Her visit to Amsterdam was considered a diplomatic triumph by the Dutch, as her visit lent official recognition to the newly formed Dutch Republic; accordingly she was given an elaborate ceremonial royal entry, of the sort the Republic avoided for its own rulers. Spectacular displays (by Claes Cornelisz. Moeyaert) and water pageants took place in the city’s harbor in celebration of her visit. There was a procession led by two mounted trumpeters; a large temporary structure erected on an artificial island in the Amstel River was built especially for the festival. The structure was designed to display a series of dramatic tableaux in tribute to her once she set foot on the floating island and entered its pavilion. Afterwards she was offered an Indonesian rice table by the burgomaster Albert Burgh. He also sold her a famous rosary, captured in Brazil. The visit prompted Caspar Barlaeus to write his Medicea hospes ("The Medicean Guest") (1638).
Marie subsequently travelled to Cologne, where she died in 1642, scheming against Richelieu to the end.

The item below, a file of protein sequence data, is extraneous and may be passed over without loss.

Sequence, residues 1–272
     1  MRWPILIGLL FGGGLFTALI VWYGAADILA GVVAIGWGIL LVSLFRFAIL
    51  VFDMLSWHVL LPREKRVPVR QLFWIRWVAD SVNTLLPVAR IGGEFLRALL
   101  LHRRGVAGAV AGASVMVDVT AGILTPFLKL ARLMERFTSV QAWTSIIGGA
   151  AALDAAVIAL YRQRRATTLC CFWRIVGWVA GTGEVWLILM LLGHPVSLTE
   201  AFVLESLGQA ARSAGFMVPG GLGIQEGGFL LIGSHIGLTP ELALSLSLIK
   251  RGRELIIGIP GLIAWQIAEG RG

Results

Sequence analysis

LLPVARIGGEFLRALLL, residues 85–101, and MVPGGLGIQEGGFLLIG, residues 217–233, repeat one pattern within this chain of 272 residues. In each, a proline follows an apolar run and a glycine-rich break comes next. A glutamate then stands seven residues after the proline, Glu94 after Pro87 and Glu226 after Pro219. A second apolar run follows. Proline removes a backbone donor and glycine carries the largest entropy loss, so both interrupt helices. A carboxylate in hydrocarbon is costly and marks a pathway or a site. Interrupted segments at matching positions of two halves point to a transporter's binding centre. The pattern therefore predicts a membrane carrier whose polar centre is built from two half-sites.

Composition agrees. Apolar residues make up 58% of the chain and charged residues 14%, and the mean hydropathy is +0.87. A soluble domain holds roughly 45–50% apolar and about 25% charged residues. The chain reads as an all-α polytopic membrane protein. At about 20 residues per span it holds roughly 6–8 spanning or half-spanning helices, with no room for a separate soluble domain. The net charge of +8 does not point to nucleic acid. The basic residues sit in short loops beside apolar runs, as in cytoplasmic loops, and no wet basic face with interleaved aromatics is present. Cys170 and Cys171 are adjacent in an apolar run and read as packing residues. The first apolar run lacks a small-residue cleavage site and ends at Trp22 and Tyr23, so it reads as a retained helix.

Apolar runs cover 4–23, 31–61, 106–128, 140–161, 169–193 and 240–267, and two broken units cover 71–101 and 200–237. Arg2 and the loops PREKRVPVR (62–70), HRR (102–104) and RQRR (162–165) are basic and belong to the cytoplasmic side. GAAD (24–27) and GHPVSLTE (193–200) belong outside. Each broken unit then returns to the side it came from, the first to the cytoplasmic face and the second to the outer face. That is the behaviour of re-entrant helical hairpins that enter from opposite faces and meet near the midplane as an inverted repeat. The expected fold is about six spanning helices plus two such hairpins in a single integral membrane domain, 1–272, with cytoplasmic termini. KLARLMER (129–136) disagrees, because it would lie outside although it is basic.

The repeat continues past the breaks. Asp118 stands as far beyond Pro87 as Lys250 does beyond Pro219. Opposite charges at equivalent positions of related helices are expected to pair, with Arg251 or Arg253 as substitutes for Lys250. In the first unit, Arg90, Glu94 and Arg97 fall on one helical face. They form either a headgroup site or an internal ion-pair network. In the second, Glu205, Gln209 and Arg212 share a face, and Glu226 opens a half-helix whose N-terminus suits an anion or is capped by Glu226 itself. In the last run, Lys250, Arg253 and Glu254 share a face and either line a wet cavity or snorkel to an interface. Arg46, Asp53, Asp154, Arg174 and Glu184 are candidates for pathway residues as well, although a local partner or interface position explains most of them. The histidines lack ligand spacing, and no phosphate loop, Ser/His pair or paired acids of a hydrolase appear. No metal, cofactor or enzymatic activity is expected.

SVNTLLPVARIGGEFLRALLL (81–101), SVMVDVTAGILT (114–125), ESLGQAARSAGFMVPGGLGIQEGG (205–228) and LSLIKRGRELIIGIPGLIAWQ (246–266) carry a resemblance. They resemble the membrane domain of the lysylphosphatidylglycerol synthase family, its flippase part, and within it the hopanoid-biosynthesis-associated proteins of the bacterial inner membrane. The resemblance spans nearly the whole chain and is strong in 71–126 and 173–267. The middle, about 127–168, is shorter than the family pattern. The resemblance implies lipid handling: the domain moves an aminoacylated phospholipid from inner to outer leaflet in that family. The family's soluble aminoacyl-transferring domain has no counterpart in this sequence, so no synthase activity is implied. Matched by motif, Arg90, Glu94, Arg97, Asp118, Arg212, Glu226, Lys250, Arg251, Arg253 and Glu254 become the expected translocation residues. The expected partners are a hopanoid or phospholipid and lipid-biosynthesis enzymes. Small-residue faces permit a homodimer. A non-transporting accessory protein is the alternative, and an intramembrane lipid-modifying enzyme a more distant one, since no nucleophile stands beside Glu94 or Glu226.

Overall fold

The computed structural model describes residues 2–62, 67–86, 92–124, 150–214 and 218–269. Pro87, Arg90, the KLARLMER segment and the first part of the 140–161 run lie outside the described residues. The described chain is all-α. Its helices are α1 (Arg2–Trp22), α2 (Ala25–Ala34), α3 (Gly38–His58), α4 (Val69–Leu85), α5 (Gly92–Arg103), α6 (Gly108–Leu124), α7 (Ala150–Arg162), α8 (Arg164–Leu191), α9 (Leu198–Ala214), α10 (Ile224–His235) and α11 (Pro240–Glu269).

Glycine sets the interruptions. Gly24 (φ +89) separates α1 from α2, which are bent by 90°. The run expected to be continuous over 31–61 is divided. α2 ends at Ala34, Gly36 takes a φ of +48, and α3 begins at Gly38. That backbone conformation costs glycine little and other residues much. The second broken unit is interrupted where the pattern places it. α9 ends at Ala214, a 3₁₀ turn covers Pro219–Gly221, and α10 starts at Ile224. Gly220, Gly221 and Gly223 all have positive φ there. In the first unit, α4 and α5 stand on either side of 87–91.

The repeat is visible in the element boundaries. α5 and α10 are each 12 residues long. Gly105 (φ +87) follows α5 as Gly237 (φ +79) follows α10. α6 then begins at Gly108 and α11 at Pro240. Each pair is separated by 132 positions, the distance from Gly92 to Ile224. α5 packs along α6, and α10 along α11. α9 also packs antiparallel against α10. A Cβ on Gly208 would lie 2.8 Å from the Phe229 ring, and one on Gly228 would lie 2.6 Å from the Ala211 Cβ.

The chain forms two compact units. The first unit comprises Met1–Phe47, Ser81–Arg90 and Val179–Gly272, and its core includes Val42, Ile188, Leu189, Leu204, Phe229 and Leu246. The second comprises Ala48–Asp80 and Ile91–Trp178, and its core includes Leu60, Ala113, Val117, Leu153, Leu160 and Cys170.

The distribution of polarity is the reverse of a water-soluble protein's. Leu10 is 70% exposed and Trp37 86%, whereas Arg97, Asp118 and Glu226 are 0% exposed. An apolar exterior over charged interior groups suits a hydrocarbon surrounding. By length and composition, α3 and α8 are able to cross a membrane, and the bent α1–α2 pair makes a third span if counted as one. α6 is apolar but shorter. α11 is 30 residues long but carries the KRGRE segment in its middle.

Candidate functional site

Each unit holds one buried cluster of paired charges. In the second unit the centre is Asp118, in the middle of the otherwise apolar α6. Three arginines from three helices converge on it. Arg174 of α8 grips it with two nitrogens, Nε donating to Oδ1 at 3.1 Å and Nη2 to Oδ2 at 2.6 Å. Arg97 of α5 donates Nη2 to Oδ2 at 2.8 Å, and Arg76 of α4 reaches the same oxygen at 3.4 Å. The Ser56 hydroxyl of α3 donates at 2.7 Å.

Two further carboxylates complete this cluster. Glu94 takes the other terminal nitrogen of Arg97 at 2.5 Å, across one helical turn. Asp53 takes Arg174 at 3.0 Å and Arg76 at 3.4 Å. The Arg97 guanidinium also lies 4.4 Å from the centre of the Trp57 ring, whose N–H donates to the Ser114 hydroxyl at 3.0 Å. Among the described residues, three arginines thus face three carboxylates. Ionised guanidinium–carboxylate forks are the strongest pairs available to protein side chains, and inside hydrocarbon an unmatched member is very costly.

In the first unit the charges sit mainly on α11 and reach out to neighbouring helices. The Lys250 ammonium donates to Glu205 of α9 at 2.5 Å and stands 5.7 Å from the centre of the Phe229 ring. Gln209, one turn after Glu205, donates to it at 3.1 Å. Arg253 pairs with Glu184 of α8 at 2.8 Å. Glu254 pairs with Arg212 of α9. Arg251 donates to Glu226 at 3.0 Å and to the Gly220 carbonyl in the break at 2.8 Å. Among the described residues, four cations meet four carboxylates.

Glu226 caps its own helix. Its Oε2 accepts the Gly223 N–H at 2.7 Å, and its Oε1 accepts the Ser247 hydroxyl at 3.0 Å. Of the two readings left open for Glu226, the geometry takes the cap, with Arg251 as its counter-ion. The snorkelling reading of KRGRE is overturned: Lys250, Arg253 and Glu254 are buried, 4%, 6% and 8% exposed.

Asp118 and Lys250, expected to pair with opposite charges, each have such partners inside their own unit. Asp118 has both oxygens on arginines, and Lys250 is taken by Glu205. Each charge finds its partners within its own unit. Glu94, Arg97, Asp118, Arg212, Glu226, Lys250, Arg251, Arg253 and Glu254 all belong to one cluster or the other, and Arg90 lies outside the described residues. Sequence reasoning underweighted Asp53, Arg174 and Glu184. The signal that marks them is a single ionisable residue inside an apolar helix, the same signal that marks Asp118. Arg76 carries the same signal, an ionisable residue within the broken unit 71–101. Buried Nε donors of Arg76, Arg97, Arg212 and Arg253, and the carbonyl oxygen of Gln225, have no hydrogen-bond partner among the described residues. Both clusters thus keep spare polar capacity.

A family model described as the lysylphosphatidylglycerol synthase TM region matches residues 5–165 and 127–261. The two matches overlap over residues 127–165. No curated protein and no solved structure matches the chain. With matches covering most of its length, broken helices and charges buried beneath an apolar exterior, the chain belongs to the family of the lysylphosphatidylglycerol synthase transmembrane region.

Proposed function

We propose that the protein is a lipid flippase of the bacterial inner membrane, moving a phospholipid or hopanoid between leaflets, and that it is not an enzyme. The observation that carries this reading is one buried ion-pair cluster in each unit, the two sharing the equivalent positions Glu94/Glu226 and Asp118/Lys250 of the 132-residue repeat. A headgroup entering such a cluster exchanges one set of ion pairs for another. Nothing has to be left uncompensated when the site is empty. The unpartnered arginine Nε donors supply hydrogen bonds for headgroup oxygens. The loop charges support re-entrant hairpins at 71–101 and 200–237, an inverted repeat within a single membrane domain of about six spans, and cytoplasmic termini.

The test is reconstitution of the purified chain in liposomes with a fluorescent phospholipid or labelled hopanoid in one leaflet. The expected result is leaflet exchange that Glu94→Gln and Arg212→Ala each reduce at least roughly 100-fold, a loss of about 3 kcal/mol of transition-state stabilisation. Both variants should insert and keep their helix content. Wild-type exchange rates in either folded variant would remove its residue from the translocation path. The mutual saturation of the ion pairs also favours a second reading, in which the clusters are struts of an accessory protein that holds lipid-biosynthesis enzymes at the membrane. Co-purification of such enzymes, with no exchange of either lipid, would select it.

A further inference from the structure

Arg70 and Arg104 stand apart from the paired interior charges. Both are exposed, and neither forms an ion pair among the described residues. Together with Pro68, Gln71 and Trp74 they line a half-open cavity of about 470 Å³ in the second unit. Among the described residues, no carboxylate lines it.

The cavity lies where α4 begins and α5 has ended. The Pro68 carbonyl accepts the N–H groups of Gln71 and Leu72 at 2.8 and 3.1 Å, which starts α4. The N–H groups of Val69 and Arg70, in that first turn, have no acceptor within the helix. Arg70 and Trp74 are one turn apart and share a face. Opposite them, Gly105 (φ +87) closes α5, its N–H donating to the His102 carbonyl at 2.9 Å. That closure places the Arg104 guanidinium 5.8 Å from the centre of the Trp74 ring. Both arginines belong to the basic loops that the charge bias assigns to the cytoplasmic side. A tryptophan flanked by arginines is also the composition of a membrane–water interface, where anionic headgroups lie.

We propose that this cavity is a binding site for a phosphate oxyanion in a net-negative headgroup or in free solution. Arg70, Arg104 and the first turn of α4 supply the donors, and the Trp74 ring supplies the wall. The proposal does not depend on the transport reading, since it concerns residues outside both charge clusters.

Honoré de Balzac encapsulated the Romantic generation's negative view:
|Louis XIII, King of France||27 September 1601||14 May 1643||Married Anne of Austria (1601 - 1666) in 1615. Had issue.|
|Elisabeth, Queen of Spain||22 November 1602||6 October 1644||Married Philip IV, King of Spain (1605 - 1665) in 1615. Had issue.|
|Christine Marie, Duchess of Savoy||12 February 1606||27 December 1663||Married Victor Amadeus I, Duke of Savoy (1587 - 1637) in 1619. Had issue.|
|Nicholas Henri, Duke of Orléans||16 April 1607||17 November 1611||Died young.|
|Gaston, Duke of Orleans||25 April 1608||2 February 1660||Married (1) Marie de Bourbon,
Duchess of Montpensier (1605 - 1627) in 1626. Had issue.
Married (2) Margaret of Lorraine (1615 - 1672) in 1632. Had issue.
|Henrietta Maria, Queen of England||25 November 1609||10 September 1669||Married Charles I, King of England (1600 - 1649) in 1625. Had issue.|
|Ancestors of Marie de' Medici|
Margaret of Valois
consort of Navarre
1600 – 1610
Anne of Austria
|Queen consort of France
1600 – 1610